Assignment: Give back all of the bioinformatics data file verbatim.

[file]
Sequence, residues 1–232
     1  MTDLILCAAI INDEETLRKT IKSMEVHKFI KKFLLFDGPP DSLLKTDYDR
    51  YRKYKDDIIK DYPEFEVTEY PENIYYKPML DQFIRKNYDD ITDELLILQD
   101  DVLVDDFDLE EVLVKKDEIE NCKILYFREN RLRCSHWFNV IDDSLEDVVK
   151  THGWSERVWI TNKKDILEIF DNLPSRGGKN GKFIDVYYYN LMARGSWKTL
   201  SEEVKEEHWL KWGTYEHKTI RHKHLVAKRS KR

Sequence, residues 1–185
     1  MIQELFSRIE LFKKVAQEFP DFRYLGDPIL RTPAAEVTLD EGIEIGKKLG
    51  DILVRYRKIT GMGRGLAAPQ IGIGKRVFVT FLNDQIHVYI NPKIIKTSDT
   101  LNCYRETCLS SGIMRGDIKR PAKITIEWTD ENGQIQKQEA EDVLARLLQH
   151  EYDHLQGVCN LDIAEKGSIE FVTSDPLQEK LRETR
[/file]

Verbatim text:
Sequence, residues 1–232
     1  MTDLILCAAI INDEETLRKT IKSMEVHKFI KKFLLFDGPP DSLLKTDYDR
    51  YRKYKDDIIK DYPEFEVTEY PENIYYKPML DQFIRKNYDD ITDELLILQD
   101  DVLVDDFDLE EVLVKKDEIE NCKILYFREN RLRCSHWFNV IDDSLEDVVK
   151  THGWSERVWI TNKKDILEIF DNLPSRGGKN GKFIDVYYYN LMARGSWKTL
   201  SEEVKEEHWL KWGTYEHKTI RHKHLVAKRS KR

Sequence, residues 1–185
     1  MIQELFSRIE LFKKVAQEFP DFRYLGDPIL RTPAAEVTLD EGIEIGKKLG
    51  DILVRYRKIT GMGRGLAAPQ IGIGKRVFVT FLNDQIHVYI NPKIIKTSDT
   101  LNCYRETCLS SGIMRGDIKR PAKITIEWTD ENGQIQKQEA EDVLARLLQH
   151  EYDHLQGVCN LDIAEKGSIE FVTSDPLQEK LRETR